tinue to shine upon his people he would be carried toward the here, and, as long as time shall table of communion, that he might last, continue his candlestick and a once more preside at the feast of light among them. Amen.”

love. The last time that this priviHe who despises not the day of lege was granted, the flock of Christ small things was graciously pleased will never forget how his spirit apto hear his servant's prayer, and to peared to heave with intensity of answer it with a blessing so copi- holy joy, and how the fire of celesous that there was not room enough tial rapture once more beamed in to receive it. After a new erection, those eyes which are now so tranand several subsequent enlarge- quilly closed in death. All perments, the subject of this memoir ceived, while with a faltering beheld himself the honoured shep- voice he spoke of glory to come, herd, amidst a united and affection that, though his body was perishing, ate congregation of 800 souls. In his inner man was renewed day by his last hours he looked back upon day, and that not the very chill of the way in which God had led him, death could damp his ardour in the and bore this rare but honourable cause of God. testimony respecting his bereaved Naturally irritable, and keenly flock :-" I was never, during the susceptible of feeling while in period of nearly forty years, for a health, when the ravages of his last single hour made uneasy by my sickness commenced, it appeared church.This his mourning family that his soul was visited by a power desire to write as in letters of brass, which produced a perfect tranand to lay it in the rock as a me- quillity, and so soothed his mind morial of them before the Lord for that not a wave of trouble was sufever and evermore. Oh, that every fered to roll across his peaceful minister had such a church, and breast. Every pain arrived and every church such a minister! was welcomed without a complain

The course of ministerial exer- ing thought. He was the image of tion, which was commenced in a peace and quiet, like that of the spirit of devotion, was carried on summer's eve, which left nothing with increasing vigour, until bodily to ruffle or agitate the calm surface maladies began to exert over men- of his mind. tal energies a damping and impair- By those best acquainted with ing influence. Still, however, this his peculiar cast of character, and beloved individual exhibited a reserve of disposition, it will not beautiful instance that a celestial be expected that those ecstacies inhabitant may tenant a frail taber which others have enjoyed, should nacle, which the wind has shaken, remain to be recorded as characand the storm made to tremble. terising his exit from the land of His heart was ever in his work; pilgrimage. Indeed, it was with and, the moment disease had a little marked reluctance that he received subsided, every particle of strength accounts of this nature respecting was laid on that altar where both others. He considered the placid the gift and the giver are sancti- resignation of a soul matured for fied. A cloud of witnesses remain heaven as far more becoming that who well know that the motto which chamber where the good man meets influenced him, both in the study his fate. Nor was it necessary that and the pulpit, was this:-“I seek in his case such a testimony should not yours, but you.” On several be given. His people knew his occasions, when his countenance heart, for his sermons were his exresembled the pale bue of death, perience, and the pulpit one of his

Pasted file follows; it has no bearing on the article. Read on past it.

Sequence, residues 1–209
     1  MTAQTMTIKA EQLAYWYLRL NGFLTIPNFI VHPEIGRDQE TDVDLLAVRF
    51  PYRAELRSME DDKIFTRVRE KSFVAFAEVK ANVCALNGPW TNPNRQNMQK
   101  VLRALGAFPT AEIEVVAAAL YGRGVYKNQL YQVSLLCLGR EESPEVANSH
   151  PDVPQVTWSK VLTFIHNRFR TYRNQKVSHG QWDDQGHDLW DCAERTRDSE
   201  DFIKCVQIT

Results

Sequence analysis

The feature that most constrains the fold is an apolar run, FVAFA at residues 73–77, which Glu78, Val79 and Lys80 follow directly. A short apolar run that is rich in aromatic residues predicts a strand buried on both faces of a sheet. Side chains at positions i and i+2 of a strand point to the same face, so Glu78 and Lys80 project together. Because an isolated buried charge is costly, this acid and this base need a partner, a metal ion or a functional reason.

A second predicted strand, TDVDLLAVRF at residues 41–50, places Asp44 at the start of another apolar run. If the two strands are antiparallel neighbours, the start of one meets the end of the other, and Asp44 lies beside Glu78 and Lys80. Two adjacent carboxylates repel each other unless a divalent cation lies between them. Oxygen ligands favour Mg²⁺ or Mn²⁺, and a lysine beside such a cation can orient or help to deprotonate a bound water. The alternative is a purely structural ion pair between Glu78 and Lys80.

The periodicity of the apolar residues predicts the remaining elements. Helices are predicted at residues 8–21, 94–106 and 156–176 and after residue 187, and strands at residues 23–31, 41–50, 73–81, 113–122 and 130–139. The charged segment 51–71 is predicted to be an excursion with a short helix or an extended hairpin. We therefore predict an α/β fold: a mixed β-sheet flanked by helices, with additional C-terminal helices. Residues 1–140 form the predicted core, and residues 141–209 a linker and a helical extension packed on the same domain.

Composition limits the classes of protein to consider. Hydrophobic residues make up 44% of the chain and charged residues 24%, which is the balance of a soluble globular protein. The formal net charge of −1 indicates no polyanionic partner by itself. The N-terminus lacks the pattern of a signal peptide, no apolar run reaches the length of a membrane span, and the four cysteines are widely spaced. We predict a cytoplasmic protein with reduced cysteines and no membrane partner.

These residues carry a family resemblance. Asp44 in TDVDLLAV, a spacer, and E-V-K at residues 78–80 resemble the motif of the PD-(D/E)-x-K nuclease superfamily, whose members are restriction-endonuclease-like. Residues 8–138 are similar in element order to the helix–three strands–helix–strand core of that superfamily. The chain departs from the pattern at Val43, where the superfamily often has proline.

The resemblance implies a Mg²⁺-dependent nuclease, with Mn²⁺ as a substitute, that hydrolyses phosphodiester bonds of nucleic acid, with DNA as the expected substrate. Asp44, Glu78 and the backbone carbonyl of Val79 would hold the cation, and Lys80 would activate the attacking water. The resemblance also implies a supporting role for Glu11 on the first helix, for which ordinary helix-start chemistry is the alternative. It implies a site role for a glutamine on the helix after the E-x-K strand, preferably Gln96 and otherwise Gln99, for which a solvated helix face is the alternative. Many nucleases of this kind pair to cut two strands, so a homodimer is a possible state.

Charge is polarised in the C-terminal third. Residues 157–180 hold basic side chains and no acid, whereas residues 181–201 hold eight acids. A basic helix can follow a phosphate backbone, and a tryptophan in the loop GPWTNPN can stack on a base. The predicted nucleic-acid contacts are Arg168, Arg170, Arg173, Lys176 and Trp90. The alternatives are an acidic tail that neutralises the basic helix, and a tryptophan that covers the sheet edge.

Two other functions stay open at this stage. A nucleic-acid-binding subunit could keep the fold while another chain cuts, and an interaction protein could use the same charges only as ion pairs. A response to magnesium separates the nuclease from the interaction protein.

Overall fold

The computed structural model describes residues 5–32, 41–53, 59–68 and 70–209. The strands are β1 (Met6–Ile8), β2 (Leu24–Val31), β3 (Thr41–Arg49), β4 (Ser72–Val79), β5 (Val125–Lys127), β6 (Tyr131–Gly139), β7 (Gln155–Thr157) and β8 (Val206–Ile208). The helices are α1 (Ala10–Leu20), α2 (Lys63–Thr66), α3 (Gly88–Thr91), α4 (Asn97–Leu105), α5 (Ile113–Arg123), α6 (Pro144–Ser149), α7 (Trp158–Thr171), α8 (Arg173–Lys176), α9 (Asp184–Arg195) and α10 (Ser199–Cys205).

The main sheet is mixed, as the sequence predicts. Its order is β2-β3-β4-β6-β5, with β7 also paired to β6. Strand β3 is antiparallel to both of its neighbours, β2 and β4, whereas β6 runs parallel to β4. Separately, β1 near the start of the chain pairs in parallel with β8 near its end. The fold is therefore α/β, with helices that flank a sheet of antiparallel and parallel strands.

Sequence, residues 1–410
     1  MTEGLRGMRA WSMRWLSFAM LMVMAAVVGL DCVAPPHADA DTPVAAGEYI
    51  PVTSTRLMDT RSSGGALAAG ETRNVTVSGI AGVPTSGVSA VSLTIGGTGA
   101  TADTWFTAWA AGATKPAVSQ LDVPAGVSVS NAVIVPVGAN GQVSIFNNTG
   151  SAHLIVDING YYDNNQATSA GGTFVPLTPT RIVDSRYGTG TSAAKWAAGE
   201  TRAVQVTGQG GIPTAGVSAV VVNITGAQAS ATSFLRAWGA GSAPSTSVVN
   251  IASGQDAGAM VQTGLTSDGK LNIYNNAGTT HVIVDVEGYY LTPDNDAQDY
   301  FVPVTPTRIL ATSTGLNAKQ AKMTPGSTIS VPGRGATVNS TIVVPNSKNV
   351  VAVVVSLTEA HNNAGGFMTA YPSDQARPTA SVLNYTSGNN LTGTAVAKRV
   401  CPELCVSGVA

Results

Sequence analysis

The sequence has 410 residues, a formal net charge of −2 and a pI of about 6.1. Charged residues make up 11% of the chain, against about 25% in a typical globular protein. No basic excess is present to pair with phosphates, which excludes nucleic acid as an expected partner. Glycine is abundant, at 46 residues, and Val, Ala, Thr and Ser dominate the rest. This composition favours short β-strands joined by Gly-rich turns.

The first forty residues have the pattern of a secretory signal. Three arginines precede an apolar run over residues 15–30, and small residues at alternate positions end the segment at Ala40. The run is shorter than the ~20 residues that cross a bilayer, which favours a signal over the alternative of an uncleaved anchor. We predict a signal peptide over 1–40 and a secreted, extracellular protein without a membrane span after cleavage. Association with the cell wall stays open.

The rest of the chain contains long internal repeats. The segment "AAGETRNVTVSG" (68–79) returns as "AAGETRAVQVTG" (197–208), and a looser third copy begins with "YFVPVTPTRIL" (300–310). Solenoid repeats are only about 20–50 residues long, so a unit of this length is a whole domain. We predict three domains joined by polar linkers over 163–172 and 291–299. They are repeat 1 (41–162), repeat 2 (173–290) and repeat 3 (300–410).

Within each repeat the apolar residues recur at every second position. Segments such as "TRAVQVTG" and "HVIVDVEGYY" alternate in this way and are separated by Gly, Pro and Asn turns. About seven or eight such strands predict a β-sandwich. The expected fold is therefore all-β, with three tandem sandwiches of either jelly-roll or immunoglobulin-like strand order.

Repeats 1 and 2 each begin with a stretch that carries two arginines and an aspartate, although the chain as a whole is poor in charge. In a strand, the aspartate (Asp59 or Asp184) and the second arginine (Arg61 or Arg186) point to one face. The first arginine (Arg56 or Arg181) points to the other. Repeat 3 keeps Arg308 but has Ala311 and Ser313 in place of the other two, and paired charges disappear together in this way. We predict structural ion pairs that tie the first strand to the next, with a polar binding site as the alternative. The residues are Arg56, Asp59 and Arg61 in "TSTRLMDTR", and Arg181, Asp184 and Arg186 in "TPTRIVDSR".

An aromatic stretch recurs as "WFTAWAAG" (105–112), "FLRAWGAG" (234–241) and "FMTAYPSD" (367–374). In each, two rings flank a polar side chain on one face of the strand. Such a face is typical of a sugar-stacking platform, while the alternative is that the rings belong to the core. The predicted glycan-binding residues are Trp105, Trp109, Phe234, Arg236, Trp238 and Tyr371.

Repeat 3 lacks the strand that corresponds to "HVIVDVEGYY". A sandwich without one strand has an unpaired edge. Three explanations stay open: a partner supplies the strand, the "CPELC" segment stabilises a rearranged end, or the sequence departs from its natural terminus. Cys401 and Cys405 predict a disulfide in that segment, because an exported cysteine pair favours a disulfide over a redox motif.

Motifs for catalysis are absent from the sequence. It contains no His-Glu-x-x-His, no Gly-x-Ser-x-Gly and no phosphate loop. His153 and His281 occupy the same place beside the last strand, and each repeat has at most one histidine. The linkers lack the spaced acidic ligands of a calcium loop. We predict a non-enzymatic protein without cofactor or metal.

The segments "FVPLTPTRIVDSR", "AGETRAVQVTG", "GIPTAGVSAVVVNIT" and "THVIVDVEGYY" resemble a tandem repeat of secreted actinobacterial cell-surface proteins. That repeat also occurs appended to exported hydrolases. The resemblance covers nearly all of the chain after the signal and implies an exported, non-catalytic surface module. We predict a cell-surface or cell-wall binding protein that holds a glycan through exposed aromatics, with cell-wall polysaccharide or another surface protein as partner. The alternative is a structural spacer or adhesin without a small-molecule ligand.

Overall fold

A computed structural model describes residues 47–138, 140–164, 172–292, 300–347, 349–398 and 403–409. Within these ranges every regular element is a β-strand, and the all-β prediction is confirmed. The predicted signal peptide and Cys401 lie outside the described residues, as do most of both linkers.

places of self-examination. From his theme. His words were, « Oh, many facts, it is known that he was that I could preach to-day on this fully aware that his stewardship subject : 'I will sing of mercy !'” was about to close ; but he felt no and immediately added, “but that alarm; and, while leaning upon the is a theme that will never end.” top of his staff, he showed that he To a relative he said, in the near had left nothing unfinished, but prospect of death, “I could wish that, instead of leaving the work of to live for my beloved family;" religion for a sick chamber alone, and then checking himself he addhe lived as he wished to die. In ed, “I desire to have no will of confirmation of this, a few instances my own--the Judge of all the earth may be recorded. Amidst the must do right!" severest attacks of disease he often Thus died this devoted servant said, “ The greatest part of my of the Lord, at the age of sixty-one affliction is my absence from my years, after being the pastor of the work.” To a long-tried friend he church in which God had made thus expressed all that piety could him an overseer thirty-eight years. prompt, or weeping relatives re- His happy spirit took its flight on quire :-“I know in whom I have the first hour of the Sabbath, May believed; I have one refuge, and 6th, as he was peacefully sitting in I desire no other.” On the morn- his chair. " Tell me, my soul, ing of the Sabbath he had no wish can this be death ? " Mark the for a renewal of strength, except perfect man, and behold the upthat he might recommence a sub- right, for the end of that man is ject which had been, and is still, peace !"

PRAYER-MEETINGS.

(To the Editor of the Evangelical Magazine.)

Sir,-Many ministers have their hearts desolated by the lamentable state of their prayer-meetings. There is not one out of ten of their hearers who frequent these invaluable ordinances. To what can this be attributable? Is it not to be feared that the low state of religion is the true cause? Were there a greater thirst after communion with God, might we not expect to see it evidenced by a spirit of social prayer? No wonder that we do not hear of more conversions, when churches, as such, wrestle so little with God for the gifts of the Holy Spirit.